New book tells story of Inchmarnock

IT'S less than two miles long, and never much more than a third of a mile wide, and if you asked most people to name the islands in the Firth of Clyde the chances are it'd never get a mention.

But Inchmarnock, off Bute's west coast, is a fascinating place for anyone with an interest in the archaeology or ecclesiastical history of this part of Scotland. And the painstaking effort involved in a seven-year research project on the island have now borne fruit with the publication of a major new academic work going into meticulous detail on the history of the small but significant island.

The book, Inchmarnock: An Early Historic Island Monastery and its Archaeological Landscape, written by Dr Christopher Lowe and with a host of specialist contributions, was launched at the University of the West of Scotland and reports the results of surveys and excavations at several different sites throughout the island.

A great deal of the book concentrates on the findings of surveys at the site of an old church, St Marnock's Church, located about half way down the island's eastern side and directly facing the west coast of Bute between St Ninian's Bay and Ardscalpsie.

Some of the finds from the church site date as far back as AD 600 and include a range of early historic, medieval and post-medieval artefacts as well as human remains from a neighbouring cemetery.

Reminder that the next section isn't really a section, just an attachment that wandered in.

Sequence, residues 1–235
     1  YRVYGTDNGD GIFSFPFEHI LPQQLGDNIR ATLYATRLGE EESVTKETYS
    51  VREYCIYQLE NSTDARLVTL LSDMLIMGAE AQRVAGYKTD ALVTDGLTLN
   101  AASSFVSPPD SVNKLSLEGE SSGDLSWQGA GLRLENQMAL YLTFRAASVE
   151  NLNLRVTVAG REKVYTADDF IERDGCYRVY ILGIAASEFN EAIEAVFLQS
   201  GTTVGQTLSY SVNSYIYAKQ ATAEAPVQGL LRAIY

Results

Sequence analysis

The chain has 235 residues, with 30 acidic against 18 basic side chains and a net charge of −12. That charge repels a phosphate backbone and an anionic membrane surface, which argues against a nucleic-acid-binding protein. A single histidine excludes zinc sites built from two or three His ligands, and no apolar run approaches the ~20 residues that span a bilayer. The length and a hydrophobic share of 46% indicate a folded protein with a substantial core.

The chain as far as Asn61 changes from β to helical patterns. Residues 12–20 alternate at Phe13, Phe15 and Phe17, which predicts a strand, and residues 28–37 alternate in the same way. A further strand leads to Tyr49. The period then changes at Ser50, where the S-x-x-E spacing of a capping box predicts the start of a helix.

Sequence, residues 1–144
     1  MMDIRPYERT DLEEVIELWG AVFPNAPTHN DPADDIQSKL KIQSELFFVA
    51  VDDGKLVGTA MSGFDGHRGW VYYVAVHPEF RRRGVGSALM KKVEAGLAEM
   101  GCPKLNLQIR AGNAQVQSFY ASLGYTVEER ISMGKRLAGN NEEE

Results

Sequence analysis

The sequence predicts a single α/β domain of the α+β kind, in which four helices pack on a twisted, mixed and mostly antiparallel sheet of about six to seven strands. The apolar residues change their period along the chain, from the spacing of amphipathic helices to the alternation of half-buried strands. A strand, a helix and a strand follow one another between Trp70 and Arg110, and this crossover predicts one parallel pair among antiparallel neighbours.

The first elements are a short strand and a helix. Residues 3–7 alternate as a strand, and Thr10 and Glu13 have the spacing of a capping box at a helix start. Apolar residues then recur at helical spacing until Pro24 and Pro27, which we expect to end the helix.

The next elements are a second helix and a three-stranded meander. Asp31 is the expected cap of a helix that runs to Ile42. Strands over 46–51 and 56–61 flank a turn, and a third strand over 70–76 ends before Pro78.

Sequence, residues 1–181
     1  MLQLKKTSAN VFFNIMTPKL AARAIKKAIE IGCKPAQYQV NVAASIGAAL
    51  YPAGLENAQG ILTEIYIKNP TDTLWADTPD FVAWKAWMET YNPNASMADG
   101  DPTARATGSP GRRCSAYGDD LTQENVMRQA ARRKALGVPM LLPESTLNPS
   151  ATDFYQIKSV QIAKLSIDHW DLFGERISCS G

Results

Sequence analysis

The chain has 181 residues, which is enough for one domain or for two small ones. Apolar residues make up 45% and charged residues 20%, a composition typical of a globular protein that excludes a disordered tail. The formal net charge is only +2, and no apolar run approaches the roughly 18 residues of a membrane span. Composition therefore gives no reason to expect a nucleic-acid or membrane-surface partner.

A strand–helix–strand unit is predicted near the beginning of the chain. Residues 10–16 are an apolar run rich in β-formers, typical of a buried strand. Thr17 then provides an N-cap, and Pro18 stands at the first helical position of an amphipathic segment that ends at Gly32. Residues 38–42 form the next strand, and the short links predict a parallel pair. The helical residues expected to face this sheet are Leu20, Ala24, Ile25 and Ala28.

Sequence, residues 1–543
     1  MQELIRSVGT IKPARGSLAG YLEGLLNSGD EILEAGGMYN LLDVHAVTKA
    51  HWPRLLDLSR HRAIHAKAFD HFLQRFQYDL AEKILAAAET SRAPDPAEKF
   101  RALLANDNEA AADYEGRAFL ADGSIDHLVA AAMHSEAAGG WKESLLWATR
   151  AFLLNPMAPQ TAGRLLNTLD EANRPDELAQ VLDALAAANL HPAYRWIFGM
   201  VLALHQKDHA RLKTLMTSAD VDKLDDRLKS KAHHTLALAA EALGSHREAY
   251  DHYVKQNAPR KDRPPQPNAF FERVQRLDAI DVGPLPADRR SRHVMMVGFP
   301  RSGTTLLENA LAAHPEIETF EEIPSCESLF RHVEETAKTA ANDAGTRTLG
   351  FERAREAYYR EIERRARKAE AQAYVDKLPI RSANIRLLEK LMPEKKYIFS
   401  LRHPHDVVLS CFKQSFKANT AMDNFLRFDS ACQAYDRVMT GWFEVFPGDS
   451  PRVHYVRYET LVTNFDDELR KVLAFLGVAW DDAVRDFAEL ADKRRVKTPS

And while much of the book is clearly aimed at an academic audience, its findings still paint a remarkable picture of life on an island which, for many on Bute, has always been a truly 'unexplored isle'.

The study was led by Edinburgh firm Headland Archaeology, who were commissioned in 1999 by Sir Robert Smith - now Lord Smith of Kelvin - who bought Inchmarnock in March 1999 and who reached an agreement just two months later for a seven-year investigation into the island, covering pre-history, early Christian, medieval and modern times.

Lord Smith, writing in the book's foreword, said: "The discoveries have exceeded all my expectations, as has the quality of this scholarly work.

"I have learned a very great deal about the history of Inchmarnock, and grown to love it and respect it and its former inhabitants even more, if that is possible.

"The work Headland has done will be useful to historians and archaeologists throughout Scotland, and indeed the UK and Europe."

One of the people also involved in the project's fieldwork was Jessica Herriot, formerly Jessica Middleton, who was one of the last people to live on Inchmarnock, and who shared her knowledge of the island with the Headland team throughout their work.

Jessica, who left the island in 1984, told us: "We had a fantastic life on Inchmarnock, it was a great childhood for me. I used to communicate with friends on Bute and elsewhere by CB radio.

"I was educated at home by correspondence courses and didn't leave until I was about 20 when I left to work down south although the rest of the family remained for another couple of years and were working Kilmichael Farm on Bute at the same time.

"I was very sad to leave and would go back at the drop of a hat - I do

visit occasionally and suffer pangs.

"I have appreciated working with Headland Archaeology and have enjoyed passing on my knowledge of historical sites on the island.

"I have also been able to incorporate historical aspects of the island into my own art work."

See also:

Inchmarnock's page on Wikipedia

Headland Archaeology official site

Lord Smith of Kelvin - Wikipedia entry

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